Barcelona’s Park Güell is a must for any visitor. Credit: Daniel Corneschi/Unsplash

Top Things To Do in Barcelona

Here are the best things to do in Barcelona, from a lesser-known Gaudí gem to the hottest spots for tapas

by Jennifer Ceaser

A dynamic seaside city bursting with noteworthy cuisine, top-notch tourist attractions and architectural masterpieces, it’s no wonder Barcelona tops many a traveller’s list as one of Europe’s favourite cities. Whether you’re strolling the narrow medieval streets of the Gothic Quarter, seeing the fantastical Modernisme buildings of Antoni Gaudí and his contemporaries, or diving into its world-class drinking and dining scene, the Catalan capital offers plenty of things to see and do. Fortunately, Barcelona’s warm, sunny, Mediterranean climate makes it that much more pleasant to explore its many treasures. Whatever you do on your break, be sure to take time out to simply relax atop one of the many rooftop terraces, soaking in panoramic views of the city, sea and surrounding mountains.



Hotel terraces are Barcelona’s best chillout spots, where you can soak up the Mediterranean sun and score bird’s-eye views of the city—all with a drink (or two!) in hand. The One Barcelona’s Mood Rooftop Bar is a terrific choice, practically overlooking the undulating roof of Gaudí’s Casa Mila and with views of Sagrada Familia’s towers in the distance. Large umbrellas keep you cool while you enjoy a casual lunchtime menu of Mediterranean grilled fish and meat. It’s also open for dinner, and things are turned up a notch with live DJs on summer weekends. The terrace is open seasonally from April to October.

There’s no shortage of places serving Spanish tapas—from plates piled high with cured Jamón Ibérico (Iberian ham) to the ubiquitous patatas bravas (fried potatoes with spicy ketchup and mayo)—but not all do them equally well. In the city’s atmospheric Gothic Quarter, newcomer La Catalista is first and foremost a wine bar, offering around 20 artisanal Catalan varietals by the glass, but its kitchen also turns out outstanding tapas with a modern twist. Here, patatas bravas come with piquant Korean gochujang sauce and flavorful Japanese kewpie mayonnaise, while the deep-fried calamari croquetas add barbecued eel for a richer flavour. There are lighter dishes, too, such as roasted mushrooms tossed with watercress and edible flowers, and seared scallops with roasted veggies. If you’re unfamiliar with Catalan wines, the knowledgeable staff can help you navigate the wine card, and the menu helpfully suggests ideal food and wine pairings.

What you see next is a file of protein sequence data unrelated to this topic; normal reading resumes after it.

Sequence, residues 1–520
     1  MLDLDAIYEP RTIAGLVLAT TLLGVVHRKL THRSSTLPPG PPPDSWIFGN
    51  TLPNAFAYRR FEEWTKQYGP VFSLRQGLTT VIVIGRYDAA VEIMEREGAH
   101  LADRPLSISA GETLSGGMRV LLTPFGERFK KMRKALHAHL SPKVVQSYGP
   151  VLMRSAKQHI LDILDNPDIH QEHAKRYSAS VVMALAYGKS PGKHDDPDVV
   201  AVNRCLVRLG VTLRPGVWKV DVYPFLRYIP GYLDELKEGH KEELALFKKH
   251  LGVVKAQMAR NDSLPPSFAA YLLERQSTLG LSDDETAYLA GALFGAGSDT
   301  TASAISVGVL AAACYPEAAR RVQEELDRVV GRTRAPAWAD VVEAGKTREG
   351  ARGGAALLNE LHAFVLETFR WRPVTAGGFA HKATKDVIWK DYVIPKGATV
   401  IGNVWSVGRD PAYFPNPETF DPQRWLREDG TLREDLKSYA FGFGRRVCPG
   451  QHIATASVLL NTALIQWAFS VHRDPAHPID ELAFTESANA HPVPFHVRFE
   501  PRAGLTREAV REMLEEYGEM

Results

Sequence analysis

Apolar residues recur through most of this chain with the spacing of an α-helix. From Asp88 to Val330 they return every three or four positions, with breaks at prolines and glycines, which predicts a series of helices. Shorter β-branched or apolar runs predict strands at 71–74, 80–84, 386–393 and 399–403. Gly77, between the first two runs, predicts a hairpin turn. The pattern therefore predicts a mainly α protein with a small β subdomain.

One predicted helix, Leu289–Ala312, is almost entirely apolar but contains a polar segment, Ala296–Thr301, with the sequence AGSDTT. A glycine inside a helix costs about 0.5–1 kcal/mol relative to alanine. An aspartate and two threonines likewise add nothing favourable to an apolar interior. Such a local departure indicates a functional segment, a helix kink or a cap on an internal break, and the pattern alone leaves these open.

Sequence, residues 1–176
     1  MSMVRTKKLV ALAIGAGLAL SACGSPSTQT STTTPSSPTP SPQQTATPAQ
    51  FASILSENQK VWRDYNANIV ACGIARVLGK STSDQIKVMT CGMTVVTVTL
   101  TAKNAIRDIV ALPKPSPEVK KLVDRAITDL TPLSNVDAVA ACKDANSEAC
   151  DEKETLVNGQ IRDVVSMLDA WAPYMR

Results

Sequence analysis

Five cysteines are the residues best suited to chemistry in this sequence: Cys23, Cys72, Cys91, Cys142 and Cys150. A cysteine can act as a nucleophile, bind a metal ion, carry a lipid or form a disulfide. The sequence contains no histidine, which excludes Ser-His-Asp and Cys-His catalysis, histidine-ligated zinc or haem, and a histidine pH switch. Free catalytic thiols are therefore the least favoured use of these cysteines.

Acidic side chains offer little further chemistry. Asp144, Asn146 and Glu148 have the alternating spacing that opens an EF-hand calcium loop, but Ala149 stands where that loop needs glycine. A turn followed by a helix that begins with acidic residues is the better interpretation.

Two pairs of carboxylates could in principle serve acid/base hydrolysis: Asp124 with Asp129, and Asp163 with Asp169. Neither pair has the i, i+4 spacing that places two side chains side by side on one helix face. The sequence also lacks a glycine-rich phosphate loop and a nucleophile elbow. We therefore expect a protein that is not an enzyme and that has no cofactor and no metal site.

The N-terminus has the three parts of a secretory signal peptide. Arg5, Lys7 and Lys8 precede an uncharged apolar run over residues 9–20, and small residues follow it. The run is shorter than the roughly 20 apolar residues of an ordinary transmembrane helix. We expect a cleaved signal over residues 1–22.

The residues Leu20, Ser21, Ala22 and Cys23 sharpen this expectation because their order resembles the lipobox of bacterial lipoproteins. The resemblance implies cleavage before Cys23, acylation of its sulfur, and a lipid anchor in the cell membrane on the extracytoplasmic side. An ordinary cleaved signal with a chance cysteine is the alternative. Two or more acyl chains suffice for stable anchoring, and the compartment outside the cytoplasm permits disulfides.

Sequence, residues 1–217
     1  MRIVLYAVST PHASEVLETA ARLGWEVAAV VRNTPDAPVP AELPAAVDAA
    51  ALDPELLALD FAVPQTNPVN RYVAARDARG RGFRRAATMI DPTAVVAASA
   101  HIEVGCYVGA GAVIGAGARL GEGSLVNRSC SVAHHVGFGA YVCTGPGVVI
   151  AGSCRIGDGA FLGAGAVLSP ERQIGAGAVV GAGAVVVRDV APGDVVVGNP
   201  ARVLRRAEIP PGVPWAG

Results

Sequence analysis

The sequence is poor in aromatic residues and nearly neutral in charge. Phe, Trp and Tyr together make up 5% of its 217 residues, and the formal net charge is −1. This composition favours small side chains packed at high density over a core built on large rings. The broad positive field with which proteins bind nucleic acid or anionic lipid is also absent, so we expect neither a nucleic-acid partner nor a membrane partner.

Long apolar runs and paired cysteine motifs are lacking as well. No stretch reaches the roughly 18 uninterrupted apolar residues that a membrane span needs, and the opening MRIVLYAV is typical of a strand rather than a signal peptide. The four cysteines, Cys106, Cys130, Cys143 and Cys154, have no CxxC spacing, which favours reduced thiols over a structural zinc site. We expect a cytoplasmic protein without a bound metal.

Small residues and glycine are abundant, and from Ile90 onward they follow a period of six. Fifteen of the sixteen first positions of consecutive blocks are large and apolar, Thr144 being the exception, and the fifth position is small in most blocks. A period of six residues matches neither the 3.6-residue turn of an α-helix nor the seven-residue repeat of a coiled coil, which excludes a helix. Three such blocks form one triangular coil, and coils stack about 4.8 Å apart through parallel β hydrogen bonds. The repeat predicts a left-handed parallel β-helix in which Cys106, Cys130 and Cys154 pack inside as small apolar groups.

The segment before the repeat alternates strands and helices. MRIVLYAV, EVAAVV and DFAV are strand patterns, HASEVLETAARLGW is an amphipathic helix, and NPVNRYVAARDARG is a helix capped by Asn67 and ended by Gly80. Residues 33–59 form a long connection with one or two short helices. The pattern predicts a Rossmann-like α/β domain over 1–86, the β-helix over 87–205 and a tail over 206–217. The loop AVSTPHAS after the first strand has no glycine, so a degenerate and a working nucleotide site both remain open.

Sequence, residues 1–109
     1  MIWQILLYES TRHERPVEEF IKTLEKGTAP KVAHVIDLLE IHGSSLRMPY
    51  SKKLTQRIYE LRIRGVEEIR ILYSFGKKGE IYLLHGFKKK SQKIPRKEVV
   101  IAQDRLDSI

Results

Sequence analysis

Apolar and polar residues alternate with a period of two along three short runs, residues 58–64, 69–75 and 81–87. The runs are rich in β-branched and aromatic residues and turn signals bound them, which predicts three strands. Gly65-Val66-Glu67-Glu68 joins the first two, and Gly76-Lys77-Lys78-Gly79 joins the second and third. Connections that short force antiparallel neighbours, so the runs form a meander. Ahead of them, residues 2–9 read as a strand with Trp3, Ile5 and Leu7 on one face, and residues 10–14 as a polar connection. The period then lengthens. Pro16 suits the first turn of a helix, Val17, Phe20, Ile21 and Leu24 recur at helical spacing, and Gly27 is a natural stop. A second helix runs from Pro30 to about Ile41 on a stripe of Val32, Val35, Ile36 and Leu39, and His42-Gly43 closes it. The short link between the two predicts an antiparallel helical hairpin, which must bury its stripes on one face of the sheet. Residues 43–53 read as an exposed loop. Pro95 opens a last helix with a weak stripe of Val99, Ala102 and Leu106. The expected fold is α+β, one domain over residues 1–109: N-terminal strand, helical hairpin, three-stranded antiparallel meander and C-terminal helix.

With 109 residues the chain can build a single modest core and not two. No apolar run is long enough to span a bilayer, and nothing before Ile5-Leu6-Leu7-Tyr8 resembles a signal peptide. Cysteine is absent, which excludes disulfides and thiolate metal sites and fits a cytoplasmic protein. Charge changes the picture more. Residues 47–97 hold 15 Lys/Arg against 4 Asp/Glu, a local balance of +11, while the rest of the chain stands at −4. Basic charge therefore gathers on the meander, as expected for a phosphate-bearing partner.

Tucked away on a tiny street in the Gràcia district—hint: look for the lighted red globe—the speakeasy-style 14 De La Rosa is a neighbourhood secret you’ll want to keep all to yourself. The cosy, dimly lit haunt is sophisticated without being snobby and its friendly, bow-tied bartenders know their way around a classic cocktail (British owner Dean Shury was the former head mixologist at London’s swanky Chiltern Firehouse). For a late-night snack, there’s a small, seasonal menu of tapas—the panzanella (chopped bread, tomato and olive oil) and local cheese plate are particularly good, as is the selection of natural wines by the glass. Grab a seat at the long marble bar or at one of the candle-topped back tables for a more romantic vibe.